“We should all embrace the opportunity of greater broadband deployment, at better speeds, with the latest technology,” Liccardo concluded. “Yet, we have to do it in a way that puts the public’s interest first.”

Jennifer Wadsworth is the news editor for San Jose Inside and Metro Newspaper. Email tips to [email protected] or follow her on Twitter at @jennwadsworth.

8 Comments

  1. Sam Liccardo was blocked from profiting on the project and quit. A typical Mexican response. He couldn’t make a buck and scam the system. He’s on Trump’s Mexican Seditionist list. Goodbye Jack===-

  2. > but Liccardo noted that the dearth of investment in low-income neighborhoods seems to indicate otherwise.

    Translation: “low-income neighborhoods” means “Democrat Permanent Underclass”.

    Liccardo was trying to engineer more “wealth redistribution” to his base.

    Democrats have absolutely no plans or no intentions of turning “low-income neighborhoods” into “medium-income neighborhoods” or “high-income neighborhoods”.

    Desperate low-income people are much more susceptible to believing Nigerian “free money” scams” because they have nothing to lose and any possible chance of a big payout is “pure upside”. Democrat politicians, for their part, have no hesitation to promise phony and fictitious get-rich schemes to gullible low-income voters because the desperately poor will only remember that “they had a chance”, and never remember all the times they were disappointed.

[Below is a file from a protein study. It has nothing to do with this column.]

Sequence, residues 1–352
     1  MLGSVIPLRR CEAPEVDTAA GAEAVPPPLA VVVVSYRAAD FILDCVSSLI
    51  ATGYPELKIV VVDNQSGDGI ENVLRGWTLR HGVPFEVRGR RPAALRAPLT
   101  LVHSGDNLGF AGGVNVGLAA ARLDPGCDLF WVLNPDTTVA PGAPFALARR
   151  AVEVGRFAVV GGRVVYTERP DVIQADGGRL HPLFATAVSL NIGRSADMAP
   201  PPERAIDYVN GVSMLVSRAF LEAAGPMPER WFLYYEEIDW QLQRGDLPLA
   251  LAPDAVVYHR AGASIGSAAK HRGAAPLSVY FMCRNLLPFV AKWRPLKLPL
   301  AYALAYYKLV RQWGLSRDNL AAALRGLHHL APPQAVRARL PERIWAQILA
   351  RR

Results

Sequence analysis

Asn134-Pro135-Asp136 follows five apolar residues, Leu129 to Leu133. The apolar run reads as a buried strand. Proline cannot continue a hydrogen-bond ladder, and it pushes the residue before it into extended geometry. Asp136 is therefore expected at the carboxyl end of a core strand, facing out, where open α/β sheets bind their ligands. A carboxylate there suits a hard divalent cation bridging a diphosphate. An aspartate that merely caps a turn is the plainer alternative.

3. Robberies, carjackings and assaults are all going up this week and this guys is protesting Trump. Sam get your S+HT together. Your citizens are becoming victims of crime at an alarming rate. You are a total disgrace.

  4. Great news, does this mean San Jose a low income neighborhood can finally get fiber optics line’s to its customers in rural east of 680.
    Oh no, senior Liccardo wants to keep you at 6MBPs, so you can play Dungeons and Dragon in slow motion.
    Do us a favor Sam, resign as mayor while you at it!

  5. > San Jose Mayor Sam Liccardo Quits Key FCC Advisory Panel

    Good start, Sam.

    But we would like to see a LOT MORE quitting from you.

  6. The stated mission of the Broadband Deployment Advisory Committee is “to provide advice and make recommendations to the Commission on how to accelerate the deployment of high-speed Internet access, or broadband, by reducing and removing regulatory barriers to infrastructure investment.”

    In quitting the panel, Lightweight Sam Liccardo was either staging another political stunt or he actually believes that government regulation, and not the free market, is the proven path to the Promised Land. Had that dunderheaded attitude prevailed decades ago there would be no digital technology about which to argue and Ma Bell would still be providing equitable and overpriced 1950’s telephone technology to every San Josean, even the mayor’s beloved illegals and welfare leeches.